The United States and Azerbaijan:
Why the New Great Game is a Loser

January 31, 1999

Comment: #229


[1] STEPHEN KINZER, "Azerbaijan Asks U.S. To Establish Military Base," New York Times, January 31, 1999.

The referenced report in today's New York Times describes an effort by Azerbaijan to lure the U.S. and Turkey into establishing military bases or a troop presence on Azeri soil.

Being seduced into an alliance with corrupt dictatorship like Azerbaijan would be a classic example of how the United States gets maneuvered into sowing the seeds for future conflicts. We would be getting involved in a cultural competition which is unrelated to our national interests, about which we know very little, and where the U.S. military has no business, because it could not be supported logistically without the cooperation or acquiescence of the Russians, who would probably be on the other side, if war broke out.

The United States got along fine without being involved in Azerbaijan or its oil during the Cold War, and prior to that, we did not play a role in the Great Game between Britain and Russia. But the collapse of the Soviet Union opened up a power vacuum in the great swath of territory, formerly known as Turkistan, ranging from Turkey in the West to the Sinkiang Province of China in the East. Now the lure of oil and natural gas in the Caspian Basin is a magnet attracting U.S. economic interests right into the middle of this strategic vacuum.

Establishing a U.S base or stationing troops in Azerbaijan needs to be understood in the cultural and historical context of greater Turkistan and the interests of its Turkic peoples. If the U.S. gets mixed up with Turkey (a country that I happen to admire) in Azerbaijan, we could create a witches brew of inflamed reactions in Armenia, Georgia, and particularly Russia, but maybe also China and Iran, or perhaps even India, each of which has their own problems with Turkic discontent, Turkic expansionism, or what is perceived as an out-of-control U.S. hegemon.

But the impact on Russia is by far the most important factor affecting U.S. security. For better or worse, Russia regards this region as its legitimate sphere of interest. A U.S - Turkish - Azeri alliance will be perceived by Russians as another opportunistic attempt by the U.S to weaken or humiliate Russia while it is down. Remember, when viewed through Russian eyes, such an action will not be interpreted isolation. It will be viewed in the larger context of other U.S. policies, most of which seem aimed at weakening Russia, such as the tacit support of criminal capitalism by using of shock therapy and the IMF to loot the Russian economy, the NATO expansion eastward , the tilt against Serbia, the unilateral decision to bomb Iraq without going through the Security Council where Russia has a veto, or the ongoing attempt to cut Russia out of a possible oil bonanza in the Caspian basin.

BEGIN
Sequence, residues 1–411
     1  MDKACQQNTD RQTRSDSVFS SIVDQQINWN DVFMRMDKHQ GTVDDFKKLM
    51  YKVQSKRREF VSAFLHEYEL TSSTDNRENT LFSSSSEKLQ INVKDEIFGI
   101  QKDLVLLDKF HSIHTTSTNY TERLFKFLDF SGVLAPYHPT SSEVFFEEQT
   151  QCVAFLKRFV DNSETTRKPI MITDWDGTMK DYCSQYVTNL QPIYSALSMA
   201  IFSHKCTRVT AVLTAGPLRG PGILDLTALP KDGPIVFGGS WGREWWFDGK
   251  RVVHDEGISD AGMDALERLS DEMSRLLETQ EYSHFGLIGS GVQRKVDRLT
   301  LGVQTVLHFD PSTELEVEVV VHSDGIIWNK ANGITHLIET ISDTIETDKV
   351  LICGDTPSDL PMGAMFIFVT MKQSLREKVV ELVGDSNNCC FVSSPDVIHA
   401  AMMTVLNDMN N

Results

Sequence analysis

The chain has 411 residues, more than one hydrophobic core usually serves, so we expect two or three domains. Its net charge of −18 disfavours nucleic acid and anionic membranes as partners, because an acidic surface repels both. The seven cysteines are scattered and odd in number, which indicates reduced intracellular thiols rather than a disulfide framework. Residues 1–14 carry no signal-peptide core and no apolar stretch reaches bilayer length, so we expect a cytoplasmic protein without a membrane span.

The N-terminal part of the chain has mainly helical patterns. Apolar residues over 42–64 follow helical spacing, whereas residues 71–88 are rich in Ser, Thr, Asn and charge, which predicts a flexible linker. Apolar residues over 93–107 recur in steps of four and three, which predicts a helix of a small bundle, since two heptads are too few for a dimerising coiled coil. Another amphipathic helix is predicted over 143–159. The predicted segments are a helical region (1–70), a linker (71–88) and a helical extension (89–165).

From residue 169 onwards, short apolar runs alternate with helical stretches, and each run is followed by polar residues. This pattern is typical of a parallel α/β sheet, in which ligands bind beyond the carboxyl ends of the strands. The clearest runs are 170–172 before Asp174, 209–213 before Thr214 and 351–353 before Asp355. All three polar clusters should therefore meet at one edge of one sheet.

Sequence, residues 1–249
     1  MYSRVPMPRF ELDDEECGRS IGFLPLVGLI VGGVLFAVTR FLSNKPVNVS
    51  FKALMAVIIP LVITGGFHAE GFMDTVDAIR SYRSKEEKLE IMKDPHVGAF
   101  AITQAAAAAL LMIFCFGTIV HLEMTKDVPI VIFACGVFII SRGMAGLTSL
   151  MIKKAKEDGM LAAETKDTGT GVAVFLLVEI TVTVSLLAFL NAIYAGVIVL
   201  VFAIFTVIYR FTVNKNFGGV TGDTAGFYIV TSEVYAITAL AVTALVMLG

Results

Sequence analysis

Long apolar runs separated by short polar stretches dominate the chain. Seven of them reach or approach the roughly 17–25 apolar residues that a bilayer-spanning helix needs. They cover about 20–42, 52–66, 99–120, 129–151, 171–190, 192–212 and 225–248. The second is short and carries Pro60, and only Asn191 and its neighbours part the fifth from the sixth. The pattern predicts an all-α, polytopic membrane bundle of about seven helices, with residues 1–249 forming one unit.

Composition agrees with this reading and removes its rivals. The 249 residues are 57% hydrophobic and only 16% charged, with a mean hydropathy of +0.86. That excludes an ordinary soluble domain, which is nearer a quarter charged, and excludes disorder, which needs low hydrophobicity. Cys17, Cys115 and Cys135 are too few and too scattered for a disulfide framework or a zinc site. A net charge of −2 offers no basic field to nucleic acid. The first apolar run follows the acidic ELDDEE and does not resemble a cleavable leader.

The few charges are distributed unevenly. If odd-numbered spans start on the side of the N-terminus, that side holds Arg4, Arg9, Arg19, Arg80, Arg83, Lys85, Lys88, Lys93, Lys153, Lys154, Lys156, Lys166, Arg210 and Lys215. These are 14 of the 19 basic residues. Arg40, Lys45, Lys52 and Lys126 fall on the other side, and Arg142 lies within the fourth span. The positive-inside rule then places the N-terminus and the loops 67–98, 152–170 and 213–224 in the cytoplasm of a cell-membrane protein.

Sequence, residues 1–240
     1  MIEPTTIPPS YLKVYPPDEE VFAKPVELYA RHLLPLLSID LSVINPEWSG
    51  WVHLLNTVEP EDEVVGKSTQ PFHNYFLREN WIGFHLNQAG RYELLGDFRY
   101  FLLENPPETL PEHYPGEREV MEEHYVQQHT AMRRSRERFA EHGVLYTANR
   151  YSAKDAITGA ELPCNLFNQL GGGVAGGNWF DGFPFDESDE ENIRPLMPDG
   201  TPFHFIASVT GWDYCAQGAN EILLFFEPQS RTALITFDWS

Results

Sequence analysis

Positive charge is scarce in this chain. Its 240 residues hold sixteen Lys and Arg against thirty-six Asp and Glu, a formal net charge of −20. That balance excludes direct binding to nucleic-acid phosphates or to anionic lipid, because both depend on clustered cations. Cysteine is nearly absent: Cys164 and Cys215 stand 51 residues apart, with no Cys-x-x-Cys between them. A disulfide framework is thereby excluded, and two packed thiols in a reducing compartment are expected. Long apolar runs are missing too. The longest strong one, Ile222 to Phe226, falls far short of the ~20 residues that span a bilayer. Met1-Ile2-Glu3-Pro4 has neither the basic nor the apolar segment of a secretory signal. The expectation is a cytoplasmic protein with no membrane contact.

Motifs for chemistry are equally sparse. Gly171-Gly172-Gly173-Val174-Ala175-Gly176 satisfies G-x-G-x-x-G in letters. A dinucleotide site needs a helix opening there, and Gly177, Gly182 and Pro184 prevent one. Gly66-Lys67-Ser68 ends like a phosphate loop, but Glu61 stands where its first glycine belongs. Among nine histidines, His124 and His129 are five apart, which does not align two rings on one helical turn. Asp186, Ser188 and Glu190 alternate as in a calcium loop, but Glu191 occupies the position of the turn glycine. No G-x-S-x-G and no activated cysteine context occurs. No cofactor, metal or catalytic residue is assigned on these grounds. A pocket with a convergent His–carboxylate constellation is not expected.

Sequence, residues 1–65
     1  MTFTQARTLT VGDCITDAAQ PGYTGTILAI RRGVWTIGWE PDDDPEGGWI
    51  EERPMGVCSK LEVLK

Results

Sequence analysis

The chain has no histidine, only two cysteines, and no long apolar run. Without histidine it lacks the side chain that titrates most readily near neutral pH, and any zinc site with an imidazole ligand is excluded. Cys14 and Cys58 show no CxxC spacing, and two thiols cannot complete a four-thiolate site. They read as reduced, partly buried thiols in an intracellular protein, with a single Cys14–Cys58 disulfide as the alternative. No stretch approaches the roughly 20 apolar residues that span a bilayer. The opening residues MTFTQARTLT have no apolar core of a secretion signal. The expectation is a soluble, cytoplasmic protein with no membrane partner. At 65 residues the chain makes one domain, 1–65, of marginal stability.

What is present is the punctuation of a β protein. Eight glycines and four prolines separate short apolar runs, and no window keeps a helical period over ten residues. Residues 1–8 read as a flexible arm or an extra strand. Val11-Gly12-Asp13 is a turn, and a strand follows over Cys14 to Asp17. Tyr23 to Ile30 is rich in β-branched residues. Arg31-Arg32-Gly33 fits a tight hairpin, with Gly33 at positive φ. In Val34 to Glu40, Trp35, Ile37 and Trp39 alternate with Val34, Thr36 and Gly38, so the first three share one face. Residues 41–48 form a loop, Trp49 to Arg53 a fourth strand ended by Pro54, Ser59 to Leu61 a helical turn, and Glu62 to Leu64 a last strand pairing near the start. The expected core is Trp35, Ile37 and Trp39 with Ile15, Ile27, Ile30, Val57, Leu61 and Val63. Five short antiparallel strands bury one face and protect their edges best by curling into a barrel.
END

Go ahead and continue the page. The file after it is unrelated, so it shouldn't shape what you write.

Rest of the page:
Bear in mind Russia is a great nation in deep trouble. Its economy lies in ruins. Social controls and traditional cultural values are breaking down, and Russia is awash in fissile materials. Now it is clearly in the interest of the United States to keep these fissile materials out of the hands of terrorists and rogue nations. That can only be done through a cooperative strategy with the Russians based on an appreciation of mutual interests, empathy, and trust. [See Comment #s 216, 218, 219, 220, 222, 224, and 226].

The fact that a hair-brained scheme like basing U.S. troops in Azerbaijan could even get into the New York Times without vigorous opposition or denunciation by the U.S. government says something about the short-sighted blindness that is creating a deteriorating state of relations with Russia, a country that is far more important to our national security than the oil of Azerbaijan.

If oil is so important that we are willing to put Russian democracy at greater risk to get it, would make more sense to trade thugs and patch up our differences with Saddam Hussein. Saddam has more oil than the Azeris, U.S. forces stationed in Iraq would be easier to support, he would have less incentive to unleash nuclear terror on the U.S., and by reducing tensions with Russia, we might be able to build toward a cooperative working relationship to rid the world of loose nucs.

One thing is clear, however. Since no one is talking about reducing oil consumption or promoting democracy, and imperialism has a bad name, future poets will have a harder time glorifying the new Great Game.

Chuck Spinney

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